The services quality assurance system had not identified some shortfalls we found for improvement for example improvements to infection control procedures. The environment could be improved to ensure there was enough space for people to dine and use the communal areas.

People and their relatives told us they felt the home was safe. Staff knew how to keep people safe and were trained to report any concerns. People were supported by staff that were well trained and had access to training to develop their knowledge.

People were treated with kindness and compassion and we observed staff engaged with people in a positive way most of the time. Relatives felt welcomed in the home and told us the staff were kind but sometimes people had to wait for assistance.

People were able to make some choices and decisions and staff supported them to do this. Staff knew what people valued and how they liked to be supported. Healthcare professionals supported people when required.

People had a choice of meals and we observed most people ate their food and could more if they wanted. When people required assistance with their food staff supported them and gave them time to enjoy their meal. People had a range of activities to choose from which included exercise classes, arts and crafts, musical entertainments, bingo and walks into town. There were links with the local community with trips out regularly organised.

The provider and the registered manager monitored the quality of the service with regular checks and when necessary action was taken. Staff felt well supported by the registered manager and deputy manager. Staff meetings and resident meetings were held and people were encouraged to make comments and contribute to the running of the home during meeting and using the annual surveys provided.

Inspection carried out on 16 November 2013

During a routine inspection

During our inspection we spoke with 12 people who were living at the home. People told us the staff were "nice", "caring, patient and thoughtful", and the home environment was "very comfortable". One person told us the home was "a good place to be" and another said it was "my second home".

We also spoke with five members of staff who felt the home was "a great place to work" and "homely". We also spoke with three visitors who told us the staff were �excellent� and �caring, supportive and kindness itself�.

We looked at the care records of four people who used the service.These were comprehensive and detailed the health and social care needs of the person and recorded how any possible risks were minimised. Records were kept under review and were updated when required.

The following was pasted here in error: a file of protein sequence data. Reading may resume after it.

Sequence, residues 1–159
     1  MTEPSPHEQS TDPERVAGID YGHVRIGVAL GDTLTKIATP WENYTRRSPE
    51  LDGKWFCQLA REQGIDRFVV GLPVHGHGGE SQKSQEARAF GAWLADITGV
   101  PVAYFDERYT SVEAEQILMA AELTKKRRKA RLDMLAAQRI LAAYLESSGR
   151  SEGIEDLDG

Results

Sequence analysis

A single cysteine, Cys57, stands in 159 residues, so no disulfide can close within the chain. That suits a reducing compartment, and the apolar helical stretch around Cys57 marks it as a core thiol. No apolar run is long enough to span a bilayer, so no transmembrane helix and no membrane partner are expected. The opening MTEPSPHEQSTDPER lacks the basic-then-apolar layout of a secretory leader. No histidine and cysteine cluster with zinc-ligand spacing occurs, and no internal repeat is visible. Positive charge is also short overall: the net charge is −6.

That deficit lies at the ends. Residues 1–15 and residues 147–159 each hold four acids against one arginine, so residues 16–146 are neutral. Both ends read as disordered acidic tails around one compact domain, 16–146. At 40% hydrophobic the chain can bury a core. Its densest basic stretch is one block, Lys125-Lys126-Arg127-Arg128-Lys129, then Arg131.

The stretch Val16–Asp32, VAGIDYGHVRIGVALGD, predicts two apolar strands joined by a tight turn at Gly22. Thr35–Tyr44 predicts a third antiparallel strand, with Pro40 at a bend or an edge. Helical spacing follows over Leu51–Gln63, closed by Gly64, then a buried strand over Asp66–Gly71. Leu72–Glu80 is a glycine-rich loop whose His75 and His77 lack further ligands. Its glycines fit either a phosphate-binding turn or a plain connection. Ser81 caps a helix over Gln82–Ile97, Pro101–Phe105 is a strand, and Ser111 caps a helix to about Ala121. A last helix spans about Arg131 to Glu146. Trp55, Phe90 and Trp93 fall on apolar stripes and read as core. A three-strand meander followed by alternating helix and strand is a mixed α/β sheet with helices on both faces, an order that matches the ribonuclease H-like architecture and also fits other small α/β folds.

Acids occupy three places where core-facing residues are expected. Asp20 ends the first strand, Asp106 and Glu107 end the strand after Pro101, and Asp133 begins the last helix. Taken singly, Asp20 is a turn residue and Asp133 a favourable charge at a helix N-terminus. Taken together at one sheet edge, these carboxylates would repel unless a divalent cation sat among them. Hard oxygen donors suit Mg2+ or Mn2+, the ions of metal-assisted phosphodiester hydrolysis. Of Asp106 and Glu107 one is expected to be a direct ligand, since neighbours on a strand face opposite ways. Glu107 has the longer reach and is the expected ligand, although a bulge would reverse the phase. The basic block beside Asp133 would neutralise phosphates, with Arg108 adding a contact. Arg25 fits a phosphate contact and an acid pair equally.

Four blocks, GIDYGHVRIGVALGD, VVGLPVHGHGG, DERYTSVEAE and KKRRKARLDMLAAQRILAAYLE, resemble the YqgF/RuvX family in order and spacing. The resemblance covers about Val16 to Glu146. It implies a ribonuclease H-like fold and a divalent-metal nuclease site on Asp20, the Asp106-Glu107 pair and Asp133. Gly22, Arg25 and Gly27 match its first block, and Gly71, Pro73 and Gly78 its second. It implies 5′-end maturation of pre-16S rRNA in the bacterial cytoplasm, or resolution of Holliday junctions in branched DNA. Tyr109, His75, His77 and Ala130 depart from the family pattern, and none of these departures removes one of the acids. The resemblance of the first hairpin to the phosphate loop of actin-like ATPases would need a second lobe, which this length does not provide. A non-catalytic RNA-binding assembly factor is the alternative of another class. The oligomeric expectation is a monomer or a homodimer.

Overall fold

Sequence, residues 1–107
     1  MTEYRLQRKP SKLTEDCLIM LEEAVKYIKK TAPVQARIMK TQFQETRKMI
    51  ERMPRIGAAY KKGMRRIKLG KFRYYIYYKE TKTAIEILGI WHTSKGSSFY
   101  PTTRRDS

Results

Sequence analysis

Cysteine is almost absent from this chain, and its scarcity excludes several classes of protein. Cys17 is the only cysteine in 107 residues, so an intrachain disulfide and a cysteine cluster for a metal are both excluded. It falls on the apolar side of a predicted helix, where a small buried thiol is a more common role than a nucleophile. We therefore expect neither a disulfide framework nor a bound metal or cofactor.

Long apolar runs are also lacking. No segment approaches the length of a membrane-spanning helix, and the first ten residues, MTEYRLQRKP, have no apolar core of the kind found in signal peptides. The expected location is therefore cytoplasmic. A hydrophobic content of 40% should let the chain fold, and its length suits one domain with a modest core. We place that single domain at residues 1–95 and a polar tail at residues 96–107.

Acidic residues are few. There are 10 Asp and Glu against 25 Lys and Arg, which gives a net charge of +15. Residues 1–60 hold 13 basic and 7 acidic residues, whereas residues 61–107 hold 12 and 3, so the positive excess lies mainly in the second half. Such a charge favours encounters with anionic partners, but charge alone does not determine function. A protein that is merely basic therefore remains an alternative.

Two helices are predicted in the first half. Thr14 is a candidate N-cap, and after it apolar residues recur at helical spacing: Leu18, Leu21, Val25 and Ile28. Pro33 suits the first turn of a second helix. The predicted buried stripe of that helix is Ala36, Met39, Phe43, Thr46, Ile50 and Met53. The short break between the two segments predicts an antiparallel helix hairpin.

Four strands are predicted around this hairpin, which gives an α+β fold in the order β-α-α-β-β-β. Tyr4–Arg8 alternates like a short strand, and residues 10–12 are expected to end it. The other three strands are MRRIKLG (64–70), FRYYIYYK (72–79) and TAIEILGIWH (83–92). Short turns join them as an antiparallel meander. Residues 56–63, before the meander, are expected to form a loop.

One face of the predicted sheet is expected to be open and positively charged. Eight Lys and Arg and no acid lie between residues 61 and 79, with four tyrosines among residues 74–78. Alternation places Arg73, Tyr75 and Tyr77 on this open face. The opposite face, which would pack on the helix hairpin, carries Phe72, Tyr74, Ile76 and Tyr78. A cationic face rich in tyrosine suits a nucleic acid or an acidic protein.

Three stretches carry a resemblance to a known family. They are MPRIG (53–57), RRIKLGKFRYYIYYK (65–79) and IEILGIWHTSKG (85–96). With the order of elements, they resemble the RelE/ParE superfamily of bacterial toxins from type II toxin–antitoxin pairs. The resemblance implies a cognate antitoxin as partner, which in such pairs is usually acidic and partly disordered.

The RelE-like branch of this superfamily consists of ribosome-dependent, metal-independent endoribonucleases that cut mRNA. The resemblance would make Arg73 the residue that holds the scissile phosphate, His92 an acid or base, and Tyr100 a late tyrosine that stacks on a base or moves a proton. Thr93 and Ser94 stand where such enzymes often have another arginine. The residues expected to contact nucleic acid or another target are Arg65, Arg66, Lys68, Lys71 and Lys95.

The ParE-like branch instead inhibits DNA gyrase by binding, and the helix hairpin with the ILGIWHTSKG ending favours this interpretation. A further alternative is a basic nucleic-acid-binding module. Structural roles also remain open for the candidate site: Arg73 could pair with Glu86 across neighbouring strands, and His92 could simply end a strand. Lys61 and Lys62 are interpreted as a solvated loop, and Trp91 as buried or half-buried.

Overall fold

The home had a warm and welcoming atmosphere during our inspection visit. We saw that the furnishings and decor were domestic in style and provided a homely and comfortable environment.The premises were clean and well maintained and recent improvements had included the redecoration of bedrooms and new carpets.

The staff we spoke with told us about the range of training they had received and the support that management gave them. This meant they had the necessary skills to provide the care and support needed by the people who used the service.

Inspection carried out on 17 January 2013

During a routine inspection

During our visit to The Steppes residential care home we saw that people were being well supported with their care needs. It also helped us to see that the people living at the home were being respected and that caring relationships had been established.

We spoke with seven staff during our inspection. This included the registered provider, the registered manager, three care staff and ancillary staff. All staff were very motivated, committed and positive about working at the home. Staff praised the training, teamwork and supportive atmosphere.

People were cared for, or supported by, suitably qualified and sufficient numbers of staff.

Comments made by people living at the home included �The staff are exceptional, the service provided is amazing�. Another person told us �I am very well supported the staff here are lovely, so caring�. Many favourable comments about the care and support provided were given to us by people living at the home.

The staff we spoke with were extremely knowledgeable about the practical and emotional support needs of the people in their care. Staff were friendly and professional.

Complaints were not commonplace. Opportunities were made available for people to raise any concerns that they may have. People knew how to make a complaint if they had any concerns. People living at the home were keen to point out to us that they had no complaints and had never had to raise any concerns about the service.

Reports under our old system of regulation (including those from before CQC was created)